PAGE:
Inventions, and music

Sometimes if you look at the things around us in our daily lives you can see how simply they are, yet how they serve a functional purpose. Life without them would have been very difficult. For example, imagine a small thin section of metal, perhaps an inch long, with a flat head and threaded sides. You have a metal screw. And who invented it? If you look around us now, at all the things we have in our daily lives that require a screw, can you imagine how life must have been like before its invention?

The ubiquitous things around us often reveal to us how simple designs can serve great functions and go on to great popularity. For example, the simple brick that is the basic building block of construction is now so widely used, that without it we might be living in an era of tin huts or mud huts!

One of the inventions we have in our lives that displays similar simplicity is barbed wire. Made in the 1800s, it was used to enclose land and still is in the present day. It merely consists of wire intertwined with each other. At its outset, the fragile wire was not perceived to be strong, but its inventor, one John Gates, put it to great use by showing how it could enclose wild animals! It made him a great fortune!

But inventions may not need to be physical things. They can be things such as music. Dizzy Gillespie pioneered a style of music called bebop – you can learn more about it from this post here – and revolutionised the music world!

The human spirit is intertwined with creativity. Keep inventing and keep trying to find new ways to do old things, or find solutions to improve efficiency. And remember you may not necessarily come up with a new physical thing, even a new process can actually become a new invention as well!

Single Parenting and Music

Western societies are generally accepted to be more liberal than others and more accepting and tolerant of what other societies might consider to be taboo. One such arrangement is single parent families. In certain countries single parent families are increasingly commonplace, as breakdowns in relationships are often routinely referred to divorce courts. In some places, particularly with strong religious links, divorce is taboo, so single parent families are less common. We may accept that these will increasingly become routine as work and family pressures increase and adults increasingly find it difficult to keep the family together. But single parenting may only alleviate the burdens of family may muting the disagreements between couples, and replacing them with other pressures passed on to the children.

In Japan single parent families are frowned upon culturally, and one such parent was concerned about the impact the lack of a father figure was taking on her daughter. Her daughter was emotionally withdrawn, and in the company of her peers she did not fully participate, and was at times unknowingly or knowingly made fun of because there was no father at home. Her mother took the unusual step of hiring an actor to play the role of her father – the actor pretended to want to make an attempt at reconciliation and after gaining the trust of the daughter, continues to do so. But are there any other problems with doing this? Certainly so. The actor wondered if he was doing more harm by deceiving the girl, and wondered what her life would be like when she had children – would they call him, the actor, grandpa? Would they only be building a house of cards?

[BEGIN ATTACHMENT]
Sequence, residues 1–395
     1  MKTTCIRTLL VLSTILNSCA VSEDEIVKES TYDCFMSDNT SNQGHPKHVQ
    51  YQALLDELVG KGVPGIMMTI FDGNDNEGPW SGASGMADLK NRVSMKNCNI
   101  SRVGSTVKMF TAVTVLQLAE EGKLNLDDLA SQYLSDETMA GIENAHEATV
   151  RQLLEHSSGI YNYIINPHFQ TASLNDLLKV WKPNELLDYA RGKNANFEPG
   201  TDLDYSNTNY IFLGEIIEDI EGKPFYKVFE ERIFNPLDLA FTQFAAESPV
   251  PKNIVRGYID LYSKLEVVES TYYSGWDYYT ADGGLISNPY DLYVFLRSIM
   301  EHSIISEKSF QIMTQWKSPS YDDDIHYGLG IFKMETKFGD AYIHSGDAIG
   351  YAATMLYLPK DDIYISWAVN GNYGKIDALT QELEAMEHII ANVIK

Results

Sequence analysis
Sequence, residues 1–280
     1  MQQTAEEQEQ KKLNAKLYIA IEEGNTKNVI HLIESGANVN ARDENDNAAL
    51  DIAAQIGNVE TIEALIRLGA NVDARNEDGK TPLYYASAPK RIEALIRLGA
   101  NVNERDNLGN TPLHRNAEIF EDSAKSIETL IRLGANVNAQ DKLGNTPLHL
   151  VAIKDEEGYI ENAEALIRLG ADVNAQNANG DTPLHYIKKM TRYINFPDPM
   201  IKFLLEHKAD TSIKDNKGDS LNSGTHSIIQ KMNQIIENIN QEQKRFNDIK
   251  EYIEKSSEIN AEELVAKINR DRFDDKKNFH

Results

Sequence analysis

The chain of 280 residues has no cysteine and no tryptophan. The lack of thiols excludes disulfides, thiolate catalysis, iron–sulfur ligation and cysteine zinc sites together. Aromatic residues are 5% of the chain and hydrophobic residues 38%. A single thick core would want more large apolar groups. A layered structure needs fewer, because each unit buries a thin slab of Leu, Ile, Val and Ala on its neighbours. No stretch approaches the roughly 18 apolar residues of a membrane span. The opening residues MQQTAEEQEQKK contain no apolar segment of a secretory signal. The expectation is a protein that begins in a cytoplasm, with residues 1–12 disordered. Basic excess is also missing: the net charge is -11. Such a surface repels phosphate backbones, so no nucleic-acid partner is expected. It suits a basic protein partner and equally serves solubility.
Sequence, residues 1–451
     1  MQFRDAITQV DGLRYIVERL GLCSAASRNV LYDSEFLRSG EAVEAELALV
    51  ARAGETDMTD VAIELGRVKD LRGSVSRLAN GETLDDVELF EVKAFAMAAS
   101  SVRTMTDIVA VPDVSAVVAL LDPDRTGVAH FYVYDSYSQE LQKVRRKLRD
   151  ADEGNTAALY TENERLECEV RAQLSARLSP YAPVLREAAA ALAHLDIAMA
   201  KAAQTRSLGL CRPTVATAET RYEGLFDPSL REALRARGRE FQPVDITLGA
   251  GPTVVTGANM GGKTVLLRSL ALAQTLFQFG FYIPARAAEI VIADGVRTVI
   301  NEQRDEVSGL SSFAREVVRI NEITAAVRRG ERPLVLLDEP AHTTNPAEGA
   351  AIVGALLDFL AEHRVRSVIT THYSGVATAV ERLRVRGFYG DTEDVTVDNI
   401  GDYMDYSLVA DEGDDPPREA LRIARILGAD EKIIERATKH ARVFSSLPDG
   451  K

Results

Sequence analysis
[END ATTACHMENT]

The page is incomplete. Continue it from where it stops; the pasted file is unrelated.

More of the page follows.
Single parents sometimes struggle to occupy their children – unlike dual parent households, there is only one parent to go around! But it would be worthwhile to engage children in activities that would benefit him, such as sport and music. In fact, learning to play an instrument like the piano develops patience, willingness to persist and try, teaches life skills such as scheduling and revision. Like the Piano Teacher N8 website suggests, it would be a good thing that children can teach themselves on their own to do; the piano is also quite instantly gratifying, unlike another instrument like the violin which can take years just to get a nice sound out of it. So if you are a single parent, it would be a good idea to involve your child in music – at least something to occupy them!

Considering teaching? A music perspective

Every one has a memory of school. Whether it is a good one or not is a subjective experience, depending on what your priorities were and what you aimed to get out of it at the time. If your main focus was in getting good grades, and if you did, then you might say school was an overall good experience. Of course, the converse is true. If you expected to get good grades in school and then did not, you might reflect on your school experience as not all that fantastic. But school is not necessarily just about grades. It is about the friends you make and the people you meet, and for some, defining friendships that are created at that time are more important than the grades you receive. While academic knowledge is important, your experience of school may be influenced more by the friends you made there. If you made lifelong friends while you were at the same school, you might not have done well for important exams, but nevertheless credit school with being a positive experience.

Your experience of school may have some influence in your future career path than you know. Many teachers chose their profession for various reasons. Maybe they had good school experiences and wanted to do the same in inspiring the future generation. But being a teacher, or deciding to pursue an education in teaching, is only half of the equation. The perception of the profession varies in different countries. In Latin American countries such as Bolivia, teaching is looked upon as a poor profession while in countries such as China, being a teacher is a highly respected profession. So if you ever decide to go into teaching, maybe see how it is perceived in your own country first!